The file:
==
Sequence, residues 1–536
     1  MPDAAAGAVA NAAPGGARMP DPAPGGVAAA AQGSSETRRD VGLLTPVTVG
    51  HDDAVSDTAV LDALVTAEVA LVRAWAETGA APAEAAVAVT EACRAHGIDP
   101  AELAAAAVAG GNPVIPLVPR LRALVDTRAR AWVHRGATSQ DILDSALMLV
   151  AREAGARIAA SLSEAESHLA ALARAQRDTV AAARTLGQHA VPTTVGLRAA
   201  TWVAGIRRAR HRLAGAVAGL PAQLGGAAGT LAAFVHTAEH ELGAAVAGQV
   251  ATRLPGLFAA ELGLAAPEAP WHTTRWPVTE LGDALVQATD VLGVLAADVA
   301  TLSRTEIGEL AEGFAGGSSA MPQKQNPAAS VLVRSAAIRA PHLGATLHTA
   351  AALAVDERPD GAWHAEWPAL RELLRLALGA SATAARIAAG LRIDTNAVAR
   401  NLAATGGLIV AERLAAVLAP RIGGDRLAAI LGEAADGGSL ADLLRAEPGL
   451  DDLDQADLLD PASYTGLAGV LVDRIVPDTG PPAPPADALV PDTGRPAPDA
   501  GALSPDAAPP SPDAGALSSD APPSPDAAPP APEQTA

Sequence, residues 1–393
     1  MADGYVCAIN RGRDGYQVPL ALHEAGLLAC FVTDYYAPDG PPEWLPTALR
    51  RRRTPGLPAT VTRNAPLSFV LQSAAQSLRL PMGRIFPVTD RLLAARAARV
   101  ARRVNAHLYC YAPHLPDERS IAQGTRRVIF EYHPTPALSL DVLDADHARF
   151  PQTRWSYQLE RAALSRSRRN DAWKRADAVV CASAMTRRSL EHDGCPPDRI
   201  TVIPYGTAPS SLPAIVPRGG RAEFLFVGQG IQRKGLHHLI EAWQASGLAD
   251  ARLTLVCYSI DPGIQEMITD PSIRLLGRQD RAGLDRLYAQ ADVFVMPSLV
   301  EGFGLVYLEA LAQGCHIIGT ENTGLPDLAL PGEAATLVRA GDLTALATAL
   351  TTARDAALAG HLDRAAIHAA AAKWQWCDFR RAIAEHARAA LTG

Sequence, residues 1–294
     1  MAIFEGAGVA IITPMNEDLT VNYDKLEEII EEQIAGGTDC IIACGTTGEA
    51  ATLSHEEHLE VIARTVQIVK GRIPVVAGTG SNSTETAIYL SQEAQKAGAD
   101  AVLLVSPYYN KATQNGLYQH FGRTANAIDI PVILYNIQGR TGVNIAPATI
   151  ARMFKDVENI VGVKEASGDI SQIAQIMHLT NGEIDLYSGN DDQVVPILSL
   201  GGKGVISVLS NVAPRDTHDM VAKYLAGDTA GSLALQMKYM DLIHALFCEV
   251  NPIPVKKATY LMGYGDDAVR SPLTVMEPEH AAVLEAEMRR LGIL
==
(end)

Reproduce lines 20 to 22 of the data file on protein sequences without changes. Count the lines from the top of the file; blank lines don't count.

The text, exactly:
   301  EGFGLVYLEA LAQGCHIIGT ENTGLPDLAL PGEAATLVRA GDLTALATAL
   351  TTARDAALAG HLDRAAIHAA AAKWQWCDFR RAIAEHARAA LTG

Sequence, residues 1–294